L-R: Married to each other, gay, gone, gone, gone, widow, widow, married to each other, widow, widow, married to each other, widow, widow (common-law), widower, gone.
This column goes out to our friend Kevin, who will institute divorce proceedings if his husband doesn’t watch the next episode with him on Monday night.
It seems that Downton Abbey, like the zombie apocalypse, will never end. And yet the series created and written by Julian Fellowes will close this sixth season. Of all the shows on TV, the one Downton Abbey reminds me of is The Walking Dead. Both are global hits that keep going strong despite the repetition of plots (They might lose their money, they don’t, they might get eaten, they don’t) and the departure of major characters, through slaughter or real-life career ambitions. (I point you to the enjoyably nutty action thriller The Guest, in which ex-Downton star Dan Stevens displays abs you could grate cheese on. Cousin Matthew! Who knew.)
More importantly, both series are about extermination and survival. True, the probability that Mrs Patmore (Lesley Nicol) will come out of the kitchen—gasp!—and devour the Dowager Countess Violet (Dame Maggie Smith) is slim, although Bates the valet (Brendan Coyle) is always getting accused of murder (Twice is not “only”, it’s a lot). However, Robert Crawley the Earl of Grantham (Hugh Bonneville) and his family are also trying to get by in an increasingly democratic society where people earn their keep. “What is a weekend?” Lady Violet asked in the first season. As the tetchy matriarch, Maggie Smith can invest a line with so much meaning, she makes any writer seem brilliant.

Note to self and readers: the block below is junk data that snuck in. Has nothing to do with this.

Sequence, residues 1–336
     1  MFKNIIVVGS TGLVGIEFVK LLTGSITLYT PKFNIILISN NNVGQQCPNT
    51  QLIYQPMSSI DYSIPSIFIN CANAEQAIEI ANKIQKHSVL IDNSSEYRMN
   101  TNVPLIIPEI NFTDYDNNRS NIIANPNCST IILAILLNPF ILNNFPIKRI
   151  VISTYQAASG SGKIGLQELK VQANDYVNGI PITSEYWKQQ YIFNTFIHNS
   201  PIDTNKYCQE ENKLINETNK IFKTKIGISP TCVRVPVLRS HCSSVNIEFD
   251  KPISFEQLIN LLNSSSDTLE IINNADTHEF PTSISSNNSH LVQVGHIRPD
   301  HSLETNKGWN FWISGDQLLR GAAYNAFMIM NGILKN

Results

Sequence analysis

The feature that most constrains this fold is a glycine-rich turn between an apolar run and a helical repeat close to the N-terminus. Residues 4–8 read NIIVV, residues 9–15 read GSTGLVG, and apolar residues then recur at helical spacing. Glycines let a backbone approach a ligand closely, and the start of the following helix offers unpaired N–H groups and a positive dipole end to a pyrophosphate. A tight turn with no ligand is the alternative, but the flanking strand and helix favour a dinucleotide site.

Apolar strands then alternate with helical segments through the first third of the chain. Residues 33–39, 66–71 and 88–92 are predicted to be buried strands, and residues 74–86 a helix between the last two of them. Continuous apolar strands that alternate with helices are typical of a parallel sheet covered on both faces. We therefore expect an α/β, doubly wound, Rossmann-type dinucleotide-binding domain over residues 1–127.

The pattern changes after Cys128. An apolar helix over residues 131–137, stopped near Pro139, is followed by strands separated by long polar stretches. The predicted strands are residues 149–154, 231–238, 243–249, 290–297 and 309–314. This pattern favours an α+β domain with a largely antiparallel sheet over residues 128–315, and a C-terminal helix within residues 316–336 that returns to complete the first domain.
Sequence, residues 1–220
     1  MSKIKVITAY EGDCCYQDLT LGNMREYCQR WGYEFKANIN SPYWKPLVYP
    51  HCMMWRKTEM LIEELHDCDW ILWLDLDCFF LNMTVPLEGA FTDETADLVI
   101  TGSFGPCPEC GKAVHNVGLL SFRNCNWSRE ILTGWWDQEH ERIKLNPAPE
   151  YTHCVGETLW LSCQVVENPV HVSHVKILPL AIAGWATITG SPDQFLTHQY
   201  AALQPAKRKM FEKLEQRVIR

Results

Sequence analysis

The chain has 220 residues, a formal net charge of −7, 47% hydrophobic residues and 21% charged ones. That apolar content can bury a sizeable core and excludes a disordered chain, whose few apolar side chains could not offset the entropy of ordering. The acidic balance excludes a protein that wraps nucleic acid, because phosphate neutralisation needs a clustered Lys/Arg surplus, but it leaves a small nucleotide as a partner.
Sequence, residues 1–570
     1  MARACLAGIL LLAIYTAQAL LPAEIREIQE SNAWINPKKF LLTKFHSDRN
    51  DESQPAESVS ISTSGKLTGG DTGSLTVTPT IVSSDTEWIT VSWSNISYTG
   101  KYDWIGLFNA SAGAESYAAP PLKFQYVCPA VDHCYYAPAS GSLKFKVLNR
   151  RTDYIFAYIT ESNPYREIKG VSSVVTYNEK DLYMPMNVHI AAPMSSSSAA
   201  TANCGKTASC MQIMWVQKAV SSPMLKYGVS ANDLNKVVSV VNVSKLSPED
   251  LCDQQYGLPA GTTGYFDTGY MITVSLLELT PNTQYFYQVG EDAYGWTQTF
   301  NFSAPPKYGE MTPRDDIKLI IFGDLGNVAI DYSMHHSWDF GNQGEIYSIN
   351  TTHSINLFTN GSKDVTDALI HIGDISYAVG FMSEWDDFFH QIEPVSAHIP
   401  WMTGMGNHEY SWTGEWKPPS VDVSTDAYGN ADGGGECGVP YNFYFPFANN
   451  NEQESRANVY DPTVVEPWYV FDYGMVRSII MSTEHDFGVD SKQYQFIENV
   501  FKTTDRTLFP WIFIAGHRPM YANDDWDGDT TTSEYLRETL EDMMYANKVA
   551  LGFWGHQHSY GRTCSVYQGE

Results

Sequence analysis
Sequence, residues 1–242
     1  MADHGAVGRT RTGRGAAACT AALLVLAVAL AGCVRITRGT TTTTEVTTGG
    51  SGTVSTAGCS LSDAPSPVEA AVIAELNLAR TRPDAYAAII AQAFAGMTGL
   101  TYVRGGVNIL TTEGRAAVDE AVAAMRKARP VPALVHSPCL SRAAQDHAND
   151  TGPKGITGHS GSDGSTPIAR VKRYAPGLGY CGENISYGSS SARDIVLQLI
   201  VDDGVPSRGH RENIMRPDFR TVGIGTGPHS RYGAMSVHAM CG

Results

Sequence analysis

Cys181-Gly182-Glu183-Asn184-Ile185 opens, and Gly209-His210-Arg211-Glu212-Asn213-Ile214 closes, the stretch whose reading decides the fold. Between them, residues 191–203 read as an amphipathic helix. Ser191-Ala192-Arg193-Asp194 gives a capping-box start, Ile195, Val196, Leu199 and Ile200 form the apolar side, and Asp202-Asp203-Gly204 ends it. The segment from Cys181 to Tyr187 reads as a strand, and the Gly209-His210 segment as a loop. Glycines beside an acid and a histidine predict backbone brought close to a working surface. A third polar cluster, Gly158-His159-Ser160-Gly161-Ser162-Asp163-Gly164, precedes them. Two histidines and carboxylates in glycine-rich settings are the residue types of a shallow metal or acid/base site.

My editor tells me that The Walking Dead and Downton Abbey air on the same night, which is very considerate of the cable channels. After intense pursuit and carnage, one can decompress by gawking at the place settings and pretty clothes. (For extra posh, pronounce close as in, “The close are awl-wiz marvlous, rarely.”)
Read our TV column The Binge.